When I was younger, I had big ideas about travel and the jet set life I would lead. My family never traveled much when I was a child, with the exception of my mother going back to England on occasion. My travel dreams started in books, where I could read about different places and times and people. When I joined the Army, I began to meet people from all walks of life and then I was stationed in Germany (West, at the time) for a couple of years, where I traveled to other European countries.
After the Army, I returned to the midwest to attend college and to get my bearings. I was still single, struggling to juggle jobs and school and some self-destructive habits/boyfriends. I would hear about my Army buddies – one worked for a while at the Pentagon, another became a diplomat, many went into law enforcement. Their lives sounded exciting – they traveled and interacted with important people or had important jobs. I felt envy and a little shame that I weren’t more ambitious or adventurous.
In truth, I’ve always been a homebody and it showed when I traveled. I liked to observe and was never happier in my travels than when I could find a good cup of tea or coffee and a park bench. I like to watch people – how they interact, how they laugh, how their self-consciousness showed or didn’t. I’ve never wanted to climb to the peak of a mountain or eat raw, squiggly things off a piece of bark. I’ve never wanted to meet movie stars or have front row seats or backstage passes. I like to go places and sit very still, unobserved and undisturbed.
One of my favorite story characters is Miss Jane Marple, written into life by Agatha Christie. Miss Marple is an elderly woman with a keen sense of observation and the ability to see the larger picture by being well-versed in all the workings of her little village, St. Mary Mead. She spends much of her time (even while vacationing in the Caribbean) sitting and knitting while she watches the world go by. Because human nature is universal, she is a sharp and skilled detective because she knows people and their behaviors. Her world appears small, but because it interests and excites her, she has a view to the world at large.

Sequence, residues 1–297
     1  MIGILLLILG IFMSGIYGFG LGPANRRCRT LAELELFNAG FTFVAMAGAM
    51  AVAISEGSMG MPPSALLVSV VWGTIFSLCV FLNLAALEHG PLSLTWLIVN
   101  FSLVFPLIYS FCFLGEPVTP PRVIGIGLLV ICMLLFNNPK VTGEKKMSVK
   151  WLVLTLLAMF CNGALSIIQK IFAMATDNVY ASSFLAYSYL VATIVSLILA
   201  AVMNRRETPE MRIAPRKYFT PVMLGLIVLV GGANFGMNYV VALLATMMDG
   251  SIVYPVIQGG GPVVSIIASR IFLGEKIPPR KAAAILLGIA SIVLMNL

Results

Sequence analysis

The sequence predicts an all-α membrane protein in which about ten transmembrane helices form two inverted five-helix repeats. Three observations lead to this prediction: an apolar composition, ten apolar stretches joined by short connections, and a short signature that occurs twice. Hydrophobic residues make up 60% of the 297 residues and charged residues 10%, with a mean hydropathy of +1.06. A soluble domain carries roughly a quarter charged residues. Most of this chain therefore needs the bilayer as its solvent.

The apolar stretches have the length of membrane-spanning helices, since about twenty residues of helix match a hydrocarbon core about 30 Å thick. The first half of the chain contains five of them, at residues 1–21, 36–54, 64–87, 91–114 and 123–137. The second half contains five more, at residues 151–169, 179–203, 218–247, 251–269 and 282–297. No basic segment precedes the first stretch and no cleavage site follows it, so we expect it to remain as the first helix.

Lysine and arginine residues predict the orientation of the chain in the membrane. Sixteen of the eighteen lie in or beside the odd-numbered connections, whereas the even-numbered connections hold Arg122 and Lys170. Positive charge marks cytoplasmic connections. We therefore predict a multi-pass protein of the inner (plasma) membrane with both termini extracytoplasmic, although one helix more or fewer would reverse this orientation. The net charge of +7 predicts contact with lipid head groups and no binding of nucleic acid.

We have a small suburban yard, but it’s an entire ecosystem. We don’t use any chemicals, so our gardens attract all manner of creatures. We have stacks of books that identify beetles and butterflies and bees and we rush excitedly to grab the guides whenever something new shows up. It thrills me when I hear my daughter excitedly say “Mom, there’s a hawk on the fence” and she runs to grab our bird books. The world is in our yard – life, death, pestilence and amazing examples of survival. But it’s only there for us because we are interested and curious.
I love this idea that openness and curiosity means that there are adventures, stories of interest and new things to learn around every corner, no matter where you are. I am not as good about people, since, in day-to-day life, staring at them is considered rude and there are very few good guide books. I can find an occasional park bench, but in city life, the park bench is one’s willingness to make and to listen to small talk – in the grocery store, on a bus, out in the yard as neighbors walk by. This park bench requires listening while shutting off judgment and opinions. It is staying open to another human’s experience of the world.
My envy of others’ adventures has morphed into an understanding that we are not all the same kind of travelers in this world. And we are not always the same kind of traveler throughout our lives. Sometimes our adventures happen right at home – a new career, raising children, retiring, learning a new hobby or language, stepping outside our comfort zones. For now, I have all the adventure I can handle. I am content, for the moment, to sit back in my armchair with a good cup of tea and take in the world. No knitting required.